Attorney General Richard Blumenthal, secure in his bunker after it became known that he lied concerning his military service, has since ventured out briefly to attack Republican Party nominee Linda McMahon -- through a spokesperson.
McMahon, according to the title of a story written by Hartford Courant reporter Daniela Altimari, is really “Linda McBush”:
“Taking a page from the Democratic Party’s 2006 playbook, the Blumenthal campaign is looking to link Republican Linda McMahon with George Bush.
"’Linda McMahon paid a Bush economic advisor $20,000 to rewrite Bush's failed economic policies into her Back 2 Bush economic plan,'’ Mindy Myers, Richard Blumenthal's campaign manager, said in a press release this morning.
"’That means more runaway deficits, more corporate and special interest loopholes, and more tax breaks for people who don't need them, leaving working families paying the bill. I can tell you for free that there's nothing new about the Linda McBush plan. It isn't good for the people of Connecticut, it's good for her.’"
Should he succeed in replacing U.S. Sen. Chris Dodd, Blumenthal will join a Democratic team that, far from solving the county’s solvency problems, has extended former President George Bush’s economic policy, adding to it new spending charges and programs that transfer jobs from the private to the public sector. When Bush retired from office, the national debt was $9.85 trillion, a great disappointment at the time to CBS news.
“On the day President Bush took office,’ the station noted at the tail end of the Bush administration, “the national debt stood at $5.727 trillion. The latest number from the Treasury Department shows the national debt now stands at more than $9.849 trillion. That's a 71.9 percent increase on Mr. Bush's watch.”
The federal debt has metastasized more rapidly under President Obama and the Pelosi congress. Obama’s legacy to Blumenthal’s prospective grandchildren is, in round numbers, a 14 trillion dollar unpaid bill.
The $14 trillion figure -- which represents the federal debt -- is only part of the national debt. State and local debt amounts to about $2.5 trillion, a good deal of it in pension funds owed to government workers, a pool of employees that has expanded greatly under the Obama-Pelosi economic prescriptions. Assuming reasonable investment returns, nearly half the nation’s state pension funds will be insolvent by 2025. The first city to run out of pension money for retirees, according to an eye-opening article in National Review, will be Springfield, Ill in 2018, a state that was the hotbed of much of the Obama administration. Pension funds in New Jersey, Indiana and Connecticut are expected to go belly up in 2019.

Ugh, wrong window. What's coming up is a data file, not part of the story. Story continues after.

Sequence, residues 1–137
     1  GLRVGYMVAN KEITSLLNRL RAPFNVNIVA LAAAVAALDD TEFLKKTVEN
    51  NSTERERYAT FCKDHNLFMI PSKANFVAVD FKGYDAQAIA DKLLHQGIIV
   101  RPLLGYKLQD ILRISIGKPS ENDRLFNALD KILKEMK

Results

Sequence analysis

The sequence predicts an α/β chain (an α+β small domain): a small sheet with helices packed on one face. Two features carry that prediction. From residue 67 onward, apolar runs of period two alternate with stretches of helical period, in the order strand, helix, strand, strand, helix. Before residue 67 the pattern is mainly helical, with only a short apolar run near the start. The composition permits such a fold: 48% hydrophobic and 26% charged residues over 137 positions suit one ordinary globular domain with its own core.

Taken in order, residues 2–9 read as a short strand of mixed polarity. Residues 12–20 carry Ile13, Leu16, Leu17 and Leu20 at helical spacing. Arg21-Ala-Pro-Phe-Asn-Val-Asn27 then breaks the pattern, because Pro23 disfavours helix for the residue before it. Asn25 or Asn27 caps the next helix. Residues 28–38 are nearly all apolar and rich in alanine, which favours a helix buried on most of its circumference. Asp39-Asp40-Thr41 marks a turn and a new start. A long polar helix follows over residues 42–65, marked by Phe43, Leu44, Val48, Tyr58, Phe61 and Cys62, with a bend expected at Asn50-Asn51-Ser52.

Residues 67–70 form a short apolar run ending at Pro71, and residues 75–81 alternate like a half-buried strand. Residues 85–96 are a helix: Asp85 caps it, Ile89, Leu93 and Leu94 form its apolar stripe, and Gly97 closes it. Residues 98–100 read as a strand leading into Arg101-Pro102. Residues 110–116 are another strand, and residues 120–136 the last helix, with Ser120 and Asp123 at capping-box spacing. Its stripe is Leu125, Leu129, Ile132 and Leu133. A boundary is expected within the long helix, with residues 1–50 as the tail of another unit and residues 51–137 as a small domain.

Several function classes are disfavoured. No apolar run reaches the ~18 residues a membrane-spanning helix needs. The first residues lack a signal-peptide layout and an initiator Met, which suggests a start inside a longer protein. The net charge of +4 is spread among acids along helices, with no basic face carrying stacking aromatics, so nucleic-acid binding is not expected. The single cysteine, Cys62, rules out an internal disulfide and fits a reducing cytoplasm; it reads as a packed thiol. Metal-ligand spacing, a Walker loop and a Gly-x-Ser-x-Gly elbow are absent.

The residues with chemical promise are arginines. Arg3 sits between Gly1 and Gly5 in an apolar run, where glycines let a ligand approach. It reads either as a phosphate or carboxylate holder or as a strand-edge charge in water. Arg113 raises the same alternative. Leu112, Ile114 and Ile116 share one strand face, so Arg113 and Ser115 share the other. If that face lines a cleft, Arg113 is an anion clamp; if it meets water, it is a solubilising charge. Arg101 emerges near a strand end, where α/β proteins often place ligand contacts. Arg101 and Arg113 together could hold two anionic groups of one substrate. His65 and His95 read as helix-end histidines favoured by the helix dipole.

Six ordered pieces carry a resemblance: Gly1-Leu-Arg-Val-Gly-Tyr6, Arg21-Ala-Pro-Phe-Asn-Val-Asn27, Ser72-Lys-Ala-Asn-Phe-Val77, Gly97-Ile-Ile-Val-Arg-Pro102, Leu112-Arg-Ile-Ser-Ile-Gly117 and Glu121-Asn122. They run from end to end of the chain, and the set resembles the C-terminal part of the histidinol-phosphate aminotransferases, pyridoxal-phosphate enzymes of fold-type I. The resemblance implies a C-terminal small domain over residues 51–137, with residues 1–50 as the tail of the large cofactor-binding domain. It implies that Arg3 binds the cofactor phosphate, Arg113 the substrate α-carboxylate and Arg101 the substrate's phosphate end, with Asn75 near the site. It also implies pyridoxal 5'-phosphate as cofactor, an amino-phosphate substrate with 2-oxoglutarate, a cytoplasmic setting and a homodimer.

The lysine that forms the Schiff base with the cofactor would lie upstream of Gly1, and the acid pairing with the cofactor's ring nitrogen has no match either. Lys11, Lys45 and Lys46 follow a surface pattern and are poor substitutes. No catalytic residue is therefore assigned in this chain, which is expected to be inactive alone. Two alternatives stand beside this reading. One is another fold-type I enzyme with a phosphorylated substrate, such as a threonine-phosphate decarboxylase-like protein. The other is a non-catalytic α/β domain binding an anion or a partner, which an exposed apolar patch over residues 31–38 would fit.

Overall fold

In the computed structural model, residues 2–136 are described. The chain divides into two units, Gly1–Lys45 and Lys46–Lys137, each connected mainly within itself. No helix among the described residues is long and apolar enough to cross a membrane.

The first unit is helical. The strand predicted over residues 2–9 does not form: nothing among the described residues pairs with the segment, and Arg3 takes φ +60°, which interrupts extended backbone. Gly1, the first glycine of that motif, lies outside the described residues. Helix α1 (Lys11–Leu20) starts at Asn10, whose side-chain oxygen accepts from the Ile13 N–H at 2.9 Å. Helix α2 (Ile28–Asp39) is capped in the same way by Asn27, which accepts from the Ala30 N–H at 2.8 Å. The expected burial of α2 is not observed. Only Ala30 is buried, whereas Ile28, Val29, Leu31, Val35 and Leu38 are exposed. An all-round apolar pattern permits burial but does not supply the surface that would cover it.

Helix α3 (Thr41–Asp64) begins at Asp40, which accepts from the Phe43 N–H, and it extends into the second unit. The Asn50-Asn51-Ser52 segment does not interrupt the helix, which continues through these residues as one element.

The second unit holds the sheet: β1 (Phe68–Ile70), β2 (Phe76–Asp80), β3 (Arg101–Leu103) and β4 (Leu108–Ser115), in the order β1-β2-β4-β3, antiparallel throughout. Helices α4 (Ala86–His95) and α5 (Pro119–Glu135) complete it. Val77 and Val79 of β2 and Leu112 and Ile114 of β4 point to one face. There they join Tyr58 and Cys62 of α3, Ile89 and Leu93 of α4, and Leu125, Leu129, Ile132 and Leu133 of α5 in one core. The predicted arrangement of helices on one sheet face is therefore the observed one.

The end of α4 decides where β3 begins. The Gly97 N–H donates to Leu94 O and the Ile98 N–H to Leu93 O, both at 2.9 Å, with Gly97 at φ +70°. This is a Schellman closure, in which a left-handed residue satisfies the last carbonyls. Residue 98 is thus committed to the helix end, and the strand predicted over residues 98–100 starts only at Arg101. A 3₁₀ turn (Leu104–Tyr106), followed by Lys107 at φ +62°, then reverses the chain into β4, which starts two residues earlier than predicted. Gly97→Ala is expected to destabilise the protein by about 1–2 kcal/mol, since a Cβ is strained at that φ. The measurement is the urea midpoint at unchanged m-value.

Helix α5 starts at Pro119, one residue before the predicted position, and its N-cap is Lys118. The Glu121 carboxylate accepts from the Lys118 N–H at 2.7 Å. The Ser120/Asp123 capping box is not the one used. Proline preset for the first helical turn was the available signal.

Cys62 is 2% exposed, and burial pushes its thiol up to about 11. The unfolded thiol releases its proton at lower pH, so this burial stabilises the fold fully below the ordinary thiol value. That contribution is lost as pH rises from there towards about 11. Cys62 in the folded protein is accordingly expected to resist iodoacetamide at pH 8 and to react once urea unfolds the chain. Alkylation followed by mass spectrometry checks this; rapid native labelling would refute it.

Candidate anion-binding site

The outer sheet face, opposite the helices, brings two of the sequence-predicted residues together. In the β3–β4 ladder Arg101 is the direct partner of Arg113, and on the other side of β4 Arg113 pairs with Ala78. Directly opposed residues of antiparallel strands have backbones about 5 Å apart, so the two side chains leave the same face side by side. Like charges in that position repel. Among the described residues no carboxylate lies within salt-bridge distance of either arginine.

The Social Security “trust fund” (trust in God, all others pay cash) has no cash in it; which is to say, it is $106 trillion short. An 81 percent tax increase would be necessary to meet outstanding obligations. Add liabilities for the government’s guarantee of Fannie Mae, Freddie Mac – Dodd and Rep. Barney Frank’s gift to Blumenthal’s grandchildren -- securities supported under the bailout plus state health care and other benefits, and the real national debt crests at about $130 trillion.
These are the kinds of figures that lend credence to Peter Schiff’s view that the solvency crisis in the United States has been caused by government meddling in a global economic market that is not free and rapidly losing its capitalistic characteristics.
Blumenthal may not be surprised to learn that corporate and special interest loopholes are likely to increase as the Dodd inspired national regulatory scheme rolls out into the future, because loopholes are inextricably tied to regulations, which have increased exponentially in the Obama administration. Blumenthal is no stranger to either regulations or special interests of a kind tolerable to Democrats.
Blumenthal has two immediate problems: 1) The comments here made by his campaign director suggest a basic misunderstanding of free market economics; and 2) the solvency problems besetting the United States are such as cannot be settled though methods usually employed by the attorney general. U.S. Senator Blumenthal, it may be assumed, would not be inclined to sue congresspersons, including Dodd, for having facilitated the fall of the housing market in the United States, a fate Canada escaped because its legislators refused to tinker with a market that even now closely resembles the U.S. housing market of years past, when bankers with standards lent money to prospective purchasers who could afford good faith down payments of up to 20 percent and whose incomes were such as to convince bankers that borrowers could afford to make monthly mortgage payments.
Now that Blumenthal has surfaced from his bunker, someone should try to arrange a debate between the three prospective U.S. senators – Blumenthal, McMahon and Schiff – centering on the question: Is the problem solvency, stupid?